Citing Tweedle , Gordon asserts: Making steel proved a particularly difficult problem for American ironmasters through the first two-thirds of the nineteenth century. When they converted bar iron to blister steel, manufacturers found it inferior to the Sheffield product. Manufacturers of edge tools and mechanisms such as gunlocks wanted crucible steel, and they used imported metal.

English steelmakers retained their American market through vigorous sales efforts. Steelmaking remained an art where experience counted for much and formal metallurgical knowledge for little. Others found it difficult to duplicate this success because artisans could not transfer techniques that depended on experience and specific materials unavailable elsewhere. Gordon , 89 Later Gordon cites the remains of poor quality axes found at a Canadian site as further evidence for inadequate American toolmaking abilities: Legends depict colonial or early American smiths as skilled, independent craftsmen making quality products.

Artifacts show us, however, that smiths often had to use low-grade steel and sometimes did their work poorly. John Light and Henry Unglik found the remains of twenty axes in their archaeological study of a blacksmith shop used between and at Fort St. Smiths there had folded and welded wrought iron plates to make axe bodies and had then welded-in steel bits. They had made the bits too small and placed them badly. The steel had a variable carbon content and abundant slag inclusions. In none of the blades had the smiths properly hardened the bits. They made poor quality tools that would not have satisfied a demanding user.

After entrepreneurs like Simeon North who later became famous as one of the first makers of firearms with interchangeable parts equipped themselves with tilt hammers in the s to manufacture edge tools, Americans gradually captured a large share of the world market for axes and scythes with factory-made tools. Gordon , A fourth important source of the prevailing viewpoint of the inadequacy of American toolmaking capabilities can be found in the important Colonial Williamsburg publication Eighteenth Century Woodworking Tools Gaynor , a summary of research papers presented at a tool symposium.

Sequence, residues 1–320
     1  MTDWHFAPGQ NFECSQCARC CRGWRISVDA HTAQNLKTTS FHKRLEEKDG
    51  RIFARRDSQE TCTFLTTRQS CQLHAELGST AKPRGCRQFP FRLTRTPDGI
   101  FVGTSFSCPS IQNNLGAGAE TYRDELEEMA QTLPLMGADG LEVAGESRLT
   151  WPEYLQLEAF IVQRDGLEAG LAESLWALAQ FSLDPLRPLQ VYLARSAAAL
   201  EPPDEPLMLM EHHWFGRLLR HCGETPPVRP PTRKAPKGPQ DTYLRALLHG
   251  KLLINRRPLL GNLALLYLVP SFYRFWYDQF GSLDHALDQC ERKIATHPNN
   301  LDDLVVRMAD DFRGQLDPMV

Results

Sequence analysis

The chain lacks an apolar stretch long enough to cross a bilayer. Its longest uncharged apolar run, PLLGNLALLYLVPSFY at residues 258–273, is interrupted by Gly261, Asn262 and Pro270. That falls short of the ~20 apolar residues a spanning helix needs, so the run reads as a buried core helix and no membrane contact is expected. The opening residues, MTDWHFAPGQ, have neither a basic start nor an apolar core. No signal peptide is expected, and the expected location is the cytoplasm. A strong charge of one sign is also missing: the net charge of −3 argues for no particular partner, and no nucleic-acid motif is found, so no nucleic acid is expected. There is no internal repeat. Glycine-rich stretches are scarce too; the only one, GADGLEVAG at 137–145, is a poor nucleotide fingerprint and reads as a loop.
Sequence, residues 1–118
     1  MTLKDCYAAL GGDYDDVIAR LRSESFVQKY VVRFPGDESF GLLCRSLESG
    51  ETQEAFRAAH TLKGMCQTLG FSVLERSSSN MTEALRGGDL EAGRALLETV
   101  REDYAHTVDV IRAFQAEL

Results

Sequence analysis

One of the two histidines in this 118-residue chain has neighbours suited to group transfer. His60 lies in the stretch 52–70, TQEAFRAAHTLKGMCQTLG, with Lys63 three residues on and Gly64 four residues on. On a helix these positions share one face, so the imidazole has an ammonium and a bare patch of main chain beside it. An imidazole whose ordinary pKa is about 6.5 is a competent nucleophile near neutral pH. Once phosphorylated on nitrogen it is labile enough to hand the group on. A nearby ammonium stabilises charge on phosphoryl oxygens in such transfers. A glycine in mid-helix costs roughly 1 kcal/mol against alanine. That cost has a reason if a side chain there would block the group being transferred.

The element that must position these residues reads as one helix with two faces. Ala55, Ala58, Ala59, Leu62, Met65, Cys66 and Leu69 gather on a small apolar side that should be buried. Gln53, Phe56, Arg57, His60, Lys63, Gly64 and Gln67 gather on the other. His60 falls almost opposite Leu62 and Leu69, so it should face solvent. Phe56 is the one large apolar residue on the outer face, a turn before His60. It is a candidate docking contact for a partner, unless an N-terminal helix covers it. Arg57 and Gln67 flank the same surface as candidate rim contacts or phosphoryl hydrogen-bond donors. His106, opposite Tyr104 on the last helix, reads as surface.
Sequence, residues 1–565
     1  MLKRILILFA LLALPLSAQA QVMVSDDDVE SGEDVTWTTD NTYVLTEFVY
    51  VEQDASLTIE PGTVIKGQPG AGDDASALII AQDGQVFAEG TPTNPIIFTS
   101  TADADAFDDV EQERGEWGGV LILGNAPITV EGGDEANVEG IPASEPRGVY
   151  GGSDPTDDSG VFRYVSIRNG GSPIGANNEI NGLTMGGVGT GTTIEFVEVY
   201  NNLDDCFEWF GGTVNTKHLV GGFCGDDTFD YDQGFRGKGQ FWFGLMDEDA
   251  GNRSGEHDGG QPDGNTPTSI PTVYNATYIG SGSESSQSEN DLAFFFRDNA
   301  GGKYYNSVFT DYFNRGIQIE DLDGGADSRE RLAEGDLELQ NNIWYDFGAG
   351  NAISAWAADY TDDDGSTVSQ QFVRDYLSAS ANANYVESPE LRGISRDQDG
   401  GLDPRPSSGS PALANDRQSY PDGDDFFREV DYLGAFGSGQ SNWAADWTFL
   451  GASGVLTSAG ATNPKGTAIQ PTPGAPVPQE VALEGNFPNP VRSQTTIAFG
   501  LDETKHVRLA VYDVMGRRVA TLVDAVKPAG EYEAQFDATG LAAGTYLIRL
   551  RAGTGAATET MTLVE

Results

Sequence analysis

In the second paper in the symposium, noted tool collector Paul B. Kebabian asserts most woodworking tools used in America were of British origin. But then he continues with this qualifying statement. I shall consider the reasons for that and describe how the tools used in America changed from imported to local production, a trend that was to lay the foundation for a flourishing American tool industry in the nineteenth century. Kebabian , 23 Bolles , Hummel , Gordon , and most papers from the tool symposium Gaynor , summarize the prevailing viewpoint that most hand tools used in American workshops and shipyards were of British origin.

That the source of most imported tools would therefore be British is understandable, but the tools we find today in New England tool chests, workshops, and collections, some of which date from this era, tell a more complicated story. While the Williamsburg symposium text unfortunately lacks an index, none of the essays on 18th century woodworking tools include any commentary on that most essential category of woodworking trades, those of the shipwright, nor examples of any of the tools they would have used, or information about who made these tools, where, and why.

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The symposium is, in fact, filled with references to the robust woodworking milieu of the early republic, including the workshop of Samuel Wing in Sandwich, MA and Elbridge Gerry Reed, a chair maker from central Massachusetts Gaynor Another contributor to this symposium, David Hey , professor of local and family history at the University of Sheffield, contends that: During the seventeenth century, they began to export some of their tools to America.

By the s, the Sheffield district had at least six hundred smithies for the manufacture of knives, scissors, sickles, scythes, files, awl blades, nails, and other metal goods.